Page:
• 1 Moreover, before enactment of the statute that later became section 48(1)(c), an objection to a second suit because of a prior pending action would have been raised by a plea in abatement. (Consolidated Construction Co. v. Malan Construction Corp., 42 Ill. App.2d 272, 192 N.E.2d 263; see Seaboard Finance Company v. Davis (N.D. Ill. 1967), 276 F. Supp. 507, 516; Weisbrod, Some Observations on Section 48 of the Illinois Civil Practice Act, 16 Chicago-Kent L. Rev. 118, 130 (1938).) In determining whether an earlier suit was between the same parties for the purpose of common-law abatement, it was consistently held that the litigants in the two suits did not have to be precisely the same. All that was necessary was substantial identity of the parties. (Haas v. Righeimer, 220 Ill. 193, 197, 77 N.E. 69; see Leonard v. Bye, 361 Ill. 185, 197 N.E. 546; compare International Printing Pressmen & Assistants' Union of North America v. Rebenson, 350 Ill. App. 156, 112 N.E.2d 192.) These holdings conform to the rule that for a prior action to be pleaded in abatement of a later one, the two actions had to be substantially for the same cause of action, and had to be between the same, or at least substantially the same, parties, and conversely, if the parties in the two actions were not, at least substantially, the same, the pendency of the prior action could not be pleaded in abatement of the subsequent one. (In re Annexation to Village of Willowbrook, 62 Ill. App.2d 45, 210 N.E.2d 25; McFadden v. St. Paul Coal Co., 183 Ill. App. 36; aff'd 263 Ill. 441, 105 N.E. 314; 1 C.J.S. Abatement and Revival § 56 (1936).) Thus, it appears that at the time the legislature adopted the statutory substitute for common-law abatement of suits, the word "same", as applied to parties, did not mean identical. (Compare Chidester v. Cagwin, 76 Ill. App.2d 477, 222 N.E.2d 274.) When in Skolnick, the supreme court construed the word "same" as applied to cause, it decided that "the same cause" did not mean an identical one; it meant one that was substantially the same.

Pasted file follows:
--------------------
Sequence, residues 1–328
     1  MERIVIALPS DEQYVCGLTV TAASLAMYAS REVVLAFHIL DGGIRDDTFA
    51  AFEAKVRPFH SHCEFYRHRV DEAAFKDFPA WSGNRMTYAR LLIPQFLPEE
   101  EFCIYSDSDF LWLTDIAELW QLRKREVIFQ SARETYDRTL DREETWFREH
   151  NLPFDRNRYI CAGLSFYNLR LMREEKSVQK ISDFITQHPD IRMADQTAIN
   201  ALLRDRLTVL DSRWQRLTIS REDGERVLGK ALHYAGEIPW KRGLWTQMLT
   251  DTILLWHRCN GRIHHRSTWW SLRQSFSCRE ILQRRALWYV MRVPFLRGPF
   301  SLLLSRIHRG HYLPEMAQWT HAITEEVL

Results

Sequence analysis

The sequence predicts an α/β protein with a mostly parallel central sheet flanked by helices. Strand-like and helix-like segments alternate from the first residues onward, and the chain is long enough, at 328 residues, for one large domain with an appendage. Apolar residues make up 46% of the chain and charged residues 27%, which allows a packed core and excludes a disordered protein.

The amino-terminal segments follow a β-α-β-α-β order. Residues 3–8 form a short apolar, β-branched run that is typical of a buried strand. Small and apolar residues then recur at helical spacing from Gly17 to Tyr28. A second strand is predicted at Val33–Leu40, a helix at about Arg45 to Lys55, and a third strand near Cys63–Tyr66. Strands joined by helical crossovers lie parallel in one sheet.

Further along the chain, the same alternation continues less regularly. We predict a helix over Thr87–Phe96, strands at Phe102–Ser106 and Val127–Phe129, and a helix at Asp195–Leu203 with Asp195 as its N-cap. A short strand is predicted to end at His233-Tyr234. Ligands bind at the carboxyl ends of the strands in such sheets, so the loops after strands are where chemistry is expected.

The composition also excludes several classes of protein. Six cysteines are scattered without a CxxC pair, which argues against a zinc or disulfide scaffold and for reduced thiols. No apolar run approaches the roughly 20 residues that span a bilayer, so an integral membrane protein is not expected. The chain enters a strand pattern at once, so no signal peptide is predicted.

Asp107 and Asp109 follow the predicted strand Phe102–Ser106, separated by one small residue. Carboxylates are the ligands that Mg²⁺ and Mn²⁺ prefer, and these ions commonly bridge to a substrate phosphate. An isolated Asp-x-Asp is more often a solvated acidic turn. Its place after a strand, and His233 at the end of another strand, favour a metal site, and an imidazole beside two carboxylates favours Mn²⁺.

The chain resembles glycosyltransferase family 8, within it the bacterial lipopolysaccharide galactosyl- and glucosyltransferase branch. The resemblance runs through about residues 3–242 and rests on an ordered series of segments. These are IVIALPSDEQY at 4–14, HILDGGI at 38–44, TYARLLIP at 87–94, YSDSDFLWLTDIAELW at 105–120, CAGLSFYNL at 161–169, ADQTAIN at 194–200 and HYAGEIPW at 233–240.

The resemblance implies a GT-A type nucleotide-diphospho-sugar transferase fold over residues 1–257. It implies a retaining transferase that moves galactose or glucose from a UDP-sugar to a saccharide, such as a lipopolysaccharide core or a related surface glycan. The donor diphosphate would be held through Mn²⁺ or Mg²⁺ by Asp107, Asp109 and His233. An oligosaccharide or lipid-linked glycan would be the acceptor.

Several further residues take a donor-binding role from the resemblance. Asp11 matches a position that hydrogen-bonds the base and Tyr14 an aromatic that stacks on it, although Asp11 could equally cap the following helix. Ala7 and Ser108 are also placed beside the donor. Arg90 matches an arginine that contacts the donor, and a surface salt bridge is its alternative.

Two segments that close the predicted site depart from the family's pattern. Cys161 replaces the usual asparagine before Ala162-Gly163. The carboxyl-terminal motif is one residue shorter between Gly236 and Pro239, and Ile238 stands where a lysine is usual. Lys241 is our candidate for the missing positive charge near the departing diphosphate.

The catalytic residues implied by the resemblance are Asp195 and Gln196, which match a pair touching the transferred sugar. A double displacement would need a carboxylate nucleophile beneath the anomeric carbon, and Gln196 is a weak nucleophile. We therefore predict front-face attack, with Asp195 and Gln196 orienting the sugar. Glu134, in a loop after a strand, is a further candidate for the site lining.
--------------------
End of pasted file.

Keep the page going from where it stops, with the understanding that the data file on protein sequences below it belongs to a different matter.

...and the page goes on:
• 2, 3 In statutory construction, it is a rule of long standing that where the same, or substantially the same, words or phrases appear in different sections of a statute, they will be given a generally accepted and consistent meaning where legislative intent is not clearly expressed to the contrary. (Moran v. Katsinas, 16 Ill.2d 169, 157 N.E.2d 38; People ex rel. Lipsky v. City of Chicago, 403 Ill. 134, 85 N.E.2d 667.) Therefore, a word that appears more than once in a statute is presumed to have been used by the legislature with the same meaning each time, absent an indication that a different meaning was intended. (Moweaqua Coal Corp. v. Industrial Com., 360 Ill. 194, 195 N.E. 607; People v. Jackson, 66 Ill. App.2d 276, 214 N.E.2d 316.) This being so, the word "same" as it modifies "parties" in the first part of section 48(1)(c) must be given the same meaning it has when it modifies "cause." We conclude that in the section in question, "same parties" means that in consecutive suits, the litigants are substantially the same, not identical.